Having recently worked with a client organization of over 3000 people, what has become apparent is how impactful leadership development is when it's being modeled by the senior leaders.
In late May 2012, I had the opportunity to work with CEO and President, Kevin Nagel, and the staff and management at Keyano College. Using KESA's "Leading Above the Line" process, we reviewed Keyano's Comprehensive Institutional Plan and established their commitment to keeping things above the line. The two day session utilized a variety of activities intended to bring the College staff, faculty and management together to confirm key directions, organizational changes and to build a greater sense of community.
I was supported by Ron Woodward, Head Coach, Clock Builder Consulting. His observation of the strategic planning session was really insightful: "By engaging people in a variety of modes i.e. intellectually, emotionally and physically, they had the opportunity to reflect on how they can be both personally and collectively accountable for the success of Keyano College".
It's a given that individuals and teams can't be fully dialed up all the time. But what do we do when your high performance team is anything but? This is a real challenge faced by organizations everyday. The biggest problem is members of the team don't always recognize when they've lost their edge. In a recent conversation with one of our clients, we discussed this situation and explored ways in which he, the President of the company, could refocus efforts.
Complex situations require effective leadership skills, focused group process, a division of tasks, and reaffirmation of what we respect. As organizational development consultants we are often asked how a leader can get the most out of their people.
Collaboration is an essential ingredient for numerous elements of organizational life including: project success, staff engagement, problem solving, innovation to name just a few. There are numerous opportunities for integrating the elements of collaboration into projects, team meetings, strategic planning processes and everyday interactions.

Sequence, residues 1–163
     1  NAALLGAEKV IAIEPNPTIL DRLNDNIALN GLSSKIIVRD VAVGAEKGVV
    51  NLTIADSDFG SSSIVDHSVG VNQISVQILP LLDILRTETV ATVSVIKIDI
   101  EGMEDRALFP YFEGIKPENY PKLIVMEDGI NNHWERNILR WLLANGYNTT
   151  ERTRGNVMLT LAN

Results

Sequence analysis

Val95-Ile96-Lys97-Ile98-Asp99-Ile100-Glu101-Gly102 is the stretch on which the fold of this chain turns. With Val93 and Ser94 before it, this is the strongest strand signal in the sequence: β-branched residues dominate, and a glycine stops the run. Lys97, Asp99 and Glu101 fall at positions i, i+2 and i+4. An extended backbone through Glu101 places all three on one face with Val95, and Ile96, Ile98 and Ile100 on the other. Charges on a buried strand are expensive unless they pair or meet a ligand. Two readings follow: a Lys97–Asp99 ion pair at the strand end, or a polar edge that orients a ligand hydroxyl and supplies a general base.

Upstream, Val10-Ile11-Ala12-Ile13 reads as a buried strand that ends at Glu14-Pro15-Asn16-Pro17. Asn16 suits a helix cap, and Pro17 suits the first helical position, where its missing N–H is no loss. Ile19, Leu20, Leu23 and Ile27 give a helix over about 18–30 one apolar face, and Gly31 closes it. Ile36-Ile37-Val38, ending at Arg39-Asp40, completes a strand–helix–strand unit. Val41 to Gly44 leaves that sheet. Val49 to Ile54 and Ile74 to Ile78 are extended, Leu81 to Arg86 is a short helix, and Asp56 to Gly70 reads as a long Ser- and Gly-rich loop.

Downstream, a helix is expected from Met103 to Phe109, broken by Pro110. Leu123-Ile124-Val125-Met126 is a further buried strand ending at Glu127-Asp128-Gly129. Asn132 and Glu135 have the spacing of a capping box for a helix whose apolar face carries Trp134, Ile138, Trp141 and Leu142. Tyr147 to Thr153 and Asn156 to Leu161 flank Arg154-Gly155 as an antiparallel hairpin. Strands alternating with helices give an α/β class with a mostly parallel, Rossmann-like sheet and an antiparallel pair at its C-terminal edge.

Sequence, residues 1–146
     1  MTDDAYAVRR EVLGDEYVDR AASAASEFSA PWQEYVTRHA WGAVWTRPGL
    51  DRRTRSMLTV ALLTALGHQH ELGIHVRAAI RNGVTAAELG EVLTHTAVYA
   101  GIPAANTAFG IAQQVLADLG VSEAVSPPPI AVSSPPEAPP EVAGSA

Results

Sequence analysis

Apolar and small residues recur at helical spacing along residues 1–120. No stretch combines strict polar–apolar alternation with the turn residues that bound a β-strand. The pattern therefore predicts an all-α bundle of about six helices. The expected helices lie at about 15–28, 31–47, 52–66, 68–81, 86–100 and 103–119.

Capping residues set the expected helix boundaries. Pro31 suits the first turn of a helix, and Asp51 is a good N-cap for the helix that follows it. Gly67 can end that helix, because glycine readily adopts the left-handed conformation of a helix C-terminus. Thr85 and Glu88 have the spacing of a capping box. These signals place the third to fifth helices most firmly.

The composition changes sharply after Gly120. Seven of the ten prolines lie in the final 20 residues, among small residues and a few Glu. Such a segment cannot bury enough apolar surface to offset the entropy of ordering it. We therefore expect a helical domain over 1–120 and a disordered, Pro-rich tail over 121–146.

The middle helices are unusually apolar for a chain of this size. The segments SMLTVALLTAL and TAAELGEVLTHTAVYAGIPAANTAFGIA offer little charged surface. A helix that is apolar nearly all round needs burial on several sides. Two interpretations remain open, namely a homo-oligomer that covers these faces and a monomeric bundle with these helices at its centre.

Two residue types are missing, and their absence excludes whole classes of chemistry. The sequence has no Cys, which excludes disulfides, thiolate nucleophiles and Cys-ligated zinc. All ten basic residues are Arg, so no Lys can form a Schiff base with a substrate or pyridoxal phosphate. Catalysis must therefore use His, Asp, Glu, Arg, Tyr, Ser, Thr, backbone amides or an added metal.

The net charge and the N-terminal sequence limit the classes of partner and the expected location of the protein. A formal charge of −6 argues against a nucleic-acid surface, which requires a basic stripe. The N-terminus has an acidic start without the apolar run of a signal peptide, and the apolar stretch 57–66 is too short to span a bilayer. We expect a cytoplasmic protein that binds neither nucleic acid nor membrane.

A collaborative culture helps to build an environment where contributions and opinions of others are valued and respects, but more importantly, a collaborative culture taps into the creative and innovative talents of people.
Recently while working with a client at a leadership retreat, where one of the team building exercises was rock climbing in Jasper, Alberta in the Canadian Rockies.
Consensus is a desired end result yet it remains an illusive goal for many team leaders and teams. What are the keys to building consensus AND high quality decisions and what are the leadership skills required?
What is consensus: Consensus is the act of obtaining agreement of all members of a group pertaining to a solution or decisionConsensus is a team and leadership skill where the goal is a decision that is consented to by all group members.
Full consent does not mean everyone must be completely satisfied – the decision must be acceptable to the extent
I was introduced to the concept of the "Magic Chair" by a client who referenced the concept as one shared with College Student Councils when they are early in their tenure. The Magic Chair is the seat any new leader sits in that fires 25,000 volts of ego up their butt!